• What content should be search-able?
  • What content should be displayed on the search results?

In my example, the search-able content should be the page-specific content and its title. The search results should show the page title, a preview of its content, and be linked to the page itself. With that in mind, here’s how my loop indexed each returned record:

$url = '' . $m->id;
$doc = new Zend_Search_Lucene_Document();
$doc->addField(Zend_Search_Lucene_Field::UnIndexed('link', $url));
$doc->addField(Zend_Search_Lucene_Field::Text('title', $m->pageTitle));
$content = $this->clean_content($m->content);
$doc->addField(Zend_Search_Lucene_Field::Unstored('content', $content));
$doc->addField(Zend_Search_Lucene_Field::UnIndexed('preview', $this->preview_content($content)));

First, I create the URL so that the search results will be able to link tot he page. The URL for these particular records will be pages/show/id/X: show the Page whose ID value is X. Next, create a new Zend_Search_Lucene_Document object, which is the most generic search document class. From there, you add “fields” to the document. Each field can be of a specific type, can be given a unique name, and be assigned a value.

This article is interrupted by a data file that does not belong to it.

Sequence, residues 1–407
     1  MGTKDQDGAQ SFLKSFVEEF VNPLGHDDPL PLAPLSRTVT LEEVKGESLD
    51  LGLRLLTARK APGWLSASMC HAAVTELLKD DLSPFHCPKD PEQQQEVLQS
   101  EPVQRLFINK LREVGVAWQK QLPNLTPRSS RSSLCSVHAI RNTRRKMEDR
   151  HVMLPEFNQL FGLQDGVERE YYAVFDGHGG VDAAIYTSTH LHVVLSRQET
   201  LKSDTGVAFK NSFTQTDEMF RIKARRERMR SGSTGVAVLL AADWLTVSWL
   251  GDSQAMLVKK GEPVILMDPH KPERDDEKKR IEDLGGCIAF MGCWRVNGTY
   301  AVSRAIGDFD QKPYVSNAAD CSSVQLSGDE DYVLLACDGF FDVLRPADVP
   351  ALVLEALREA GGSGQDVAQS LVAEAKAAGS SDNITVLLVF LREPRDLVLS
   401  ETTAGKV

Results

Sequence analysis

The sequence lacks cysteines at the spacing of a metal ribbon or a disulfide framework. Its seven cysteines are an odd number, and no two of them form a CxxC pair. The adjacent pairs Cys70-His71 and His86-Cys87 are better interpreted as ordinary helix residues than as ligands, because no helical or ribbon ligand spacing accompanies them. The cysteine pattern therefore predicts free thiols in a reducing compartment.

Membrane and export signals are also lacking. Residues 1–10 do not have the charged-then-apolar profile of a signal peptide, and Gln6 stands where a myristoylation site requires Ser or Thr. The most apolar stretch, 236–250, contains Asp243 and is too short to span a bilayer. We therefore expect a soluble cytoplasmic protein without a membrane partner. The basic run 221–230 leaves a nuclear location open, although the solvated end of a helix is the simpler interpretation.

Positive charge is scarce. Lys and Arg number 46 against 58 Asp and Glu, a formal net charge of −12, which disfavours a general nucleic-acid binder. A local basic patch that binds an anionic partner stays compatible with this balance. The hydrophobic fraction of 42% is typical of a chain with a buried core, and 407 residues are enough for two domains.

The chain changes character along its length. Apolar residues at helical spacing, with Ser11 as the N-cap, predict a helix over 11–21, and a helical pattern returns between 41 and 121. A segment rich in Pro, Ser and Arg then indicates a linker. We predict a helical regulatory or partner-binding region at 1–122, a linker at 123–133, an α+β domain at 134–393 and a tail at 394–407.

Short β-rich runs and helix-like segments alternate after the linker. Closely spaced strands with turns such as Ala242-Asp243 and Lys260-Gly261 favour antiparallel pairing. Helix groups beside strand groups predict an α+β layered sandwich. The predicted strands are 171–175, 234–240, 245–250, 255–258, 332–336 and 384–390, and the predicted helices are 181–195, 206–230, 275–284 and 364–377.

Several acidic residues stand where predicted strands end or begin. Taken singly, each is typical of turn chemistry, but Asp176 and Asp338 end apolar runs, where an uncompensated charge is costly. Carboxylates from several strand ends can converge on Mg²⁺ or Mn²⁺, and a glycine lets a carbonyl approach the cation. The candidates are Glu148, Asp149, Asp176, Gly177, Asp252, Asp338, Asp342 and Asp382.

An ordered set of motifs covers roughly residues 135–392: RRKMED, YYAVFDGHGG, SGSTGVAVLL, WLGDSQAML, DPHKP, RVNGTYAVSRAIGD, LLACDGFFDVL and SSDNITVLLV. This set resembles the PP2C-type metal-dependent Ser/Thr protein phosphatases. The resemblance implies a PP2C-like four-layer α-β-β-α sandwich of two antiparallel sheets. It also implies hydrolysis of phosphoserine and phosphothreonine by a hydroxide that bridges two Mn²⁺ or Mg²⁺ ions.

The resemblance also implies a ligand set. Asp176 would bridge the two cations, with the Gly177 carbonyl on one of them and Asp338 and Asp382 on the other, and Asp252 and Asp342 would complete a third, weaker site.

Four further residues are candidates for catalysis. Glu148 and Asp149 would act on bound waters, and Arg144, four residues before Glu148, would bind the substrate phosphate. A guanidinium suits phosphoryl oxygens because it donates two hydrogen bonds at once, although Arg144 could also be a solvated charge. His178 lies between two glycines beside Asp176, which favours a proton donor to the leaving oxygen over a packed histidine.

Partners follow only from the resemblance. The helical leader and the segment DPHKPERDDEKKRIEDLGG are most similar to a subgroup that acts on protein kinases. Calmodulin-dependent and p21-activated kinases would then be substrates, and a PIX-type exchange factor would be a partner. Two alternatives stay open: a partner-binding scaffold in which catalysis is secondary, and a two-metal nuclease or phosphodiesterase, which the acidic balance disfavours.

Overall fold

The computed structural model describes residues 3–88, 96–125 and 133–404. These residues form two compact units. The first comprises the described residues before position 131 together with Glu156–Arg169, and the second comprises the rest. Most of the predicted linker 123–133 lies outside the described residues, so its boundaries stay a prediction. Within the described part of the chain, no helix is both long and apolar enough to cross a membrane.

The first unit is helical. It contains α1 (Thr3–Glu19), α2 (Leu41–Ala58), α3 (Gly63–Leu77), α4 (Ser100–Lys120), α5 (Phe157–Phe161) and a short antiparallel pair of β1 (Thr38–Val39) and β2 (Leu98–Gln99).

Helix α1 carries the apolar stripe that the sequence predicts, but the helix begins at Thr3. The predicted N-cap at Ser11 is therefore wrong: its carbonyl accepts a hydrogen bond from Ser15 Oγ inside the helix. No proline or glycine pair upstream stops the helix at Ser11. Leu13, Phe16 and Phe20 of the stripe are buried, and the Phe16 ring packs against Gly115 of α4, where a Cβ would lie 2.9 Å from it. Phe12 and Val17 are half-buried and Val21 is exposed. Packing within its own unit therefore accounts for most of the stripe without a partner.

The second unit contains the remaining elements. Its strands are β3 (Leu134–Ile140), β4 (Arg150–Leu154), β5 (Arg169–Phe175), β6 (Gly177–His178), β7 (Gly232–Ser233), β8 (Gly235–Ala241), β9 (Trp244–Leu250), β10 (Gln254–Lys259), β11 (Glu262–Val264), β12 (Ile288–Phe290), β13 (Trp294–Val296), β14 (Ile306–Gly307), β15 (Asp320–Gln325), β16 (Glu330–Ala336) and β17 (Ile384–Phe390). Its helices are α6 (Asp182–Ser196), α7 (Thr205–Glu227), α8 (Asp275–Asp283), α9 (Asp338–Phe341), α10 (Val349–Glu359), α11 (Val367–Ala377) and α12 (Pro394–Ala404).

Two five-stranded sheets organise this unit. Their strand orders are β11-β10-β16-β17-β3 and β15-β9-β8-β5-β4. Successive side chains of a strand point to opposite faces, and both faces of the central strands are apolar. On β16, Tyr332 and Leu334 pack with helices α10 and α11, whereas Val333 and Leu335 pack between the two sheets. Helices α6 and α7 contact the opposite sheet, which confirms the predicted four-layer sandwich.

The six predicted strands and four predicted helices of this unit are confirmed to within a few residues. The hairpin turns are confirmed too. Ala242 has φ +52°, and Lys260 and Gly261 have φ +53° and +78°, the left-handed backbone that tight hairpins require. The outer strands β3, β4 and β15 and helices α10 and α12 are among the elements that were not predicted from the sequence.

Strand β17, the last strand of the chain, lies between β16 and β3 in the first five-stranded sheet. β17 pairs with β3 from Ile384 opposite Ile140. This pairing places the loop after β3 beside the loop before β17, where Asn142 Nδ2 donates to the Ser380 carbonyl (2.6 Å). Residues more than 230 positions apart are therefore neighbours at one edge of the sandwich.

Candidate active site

Tip: The Zend_Search_Lucene_Document_Html class is just a Zend_Search_Lucence_Document with pre-defined fields

The field types are all identified using Zend_Search_Lucene_Field::Something. They’re all listed in the Zend documentation and you’ll want to look those up before you get too involved with implementing this yourself. There are several important properties about the different field types. In particular, you want to pay attention to whether the field will be indexed or not and stored or not. For example, there’s no need to index the URL, because it won’t be meaningful as a search item, but it must be stored (to appear in the search results), so that field is of type UnIndexed. Conversely, the page’s title needs to be both stored and indexed, so it’s of type Text. The page’s content must be indexed but shouldn’t be stored (because that’d be inefficient), so it uses a field type of Unstored. Finally, I want to store but not index a preview of the document, so I use the UnIndexed type there again.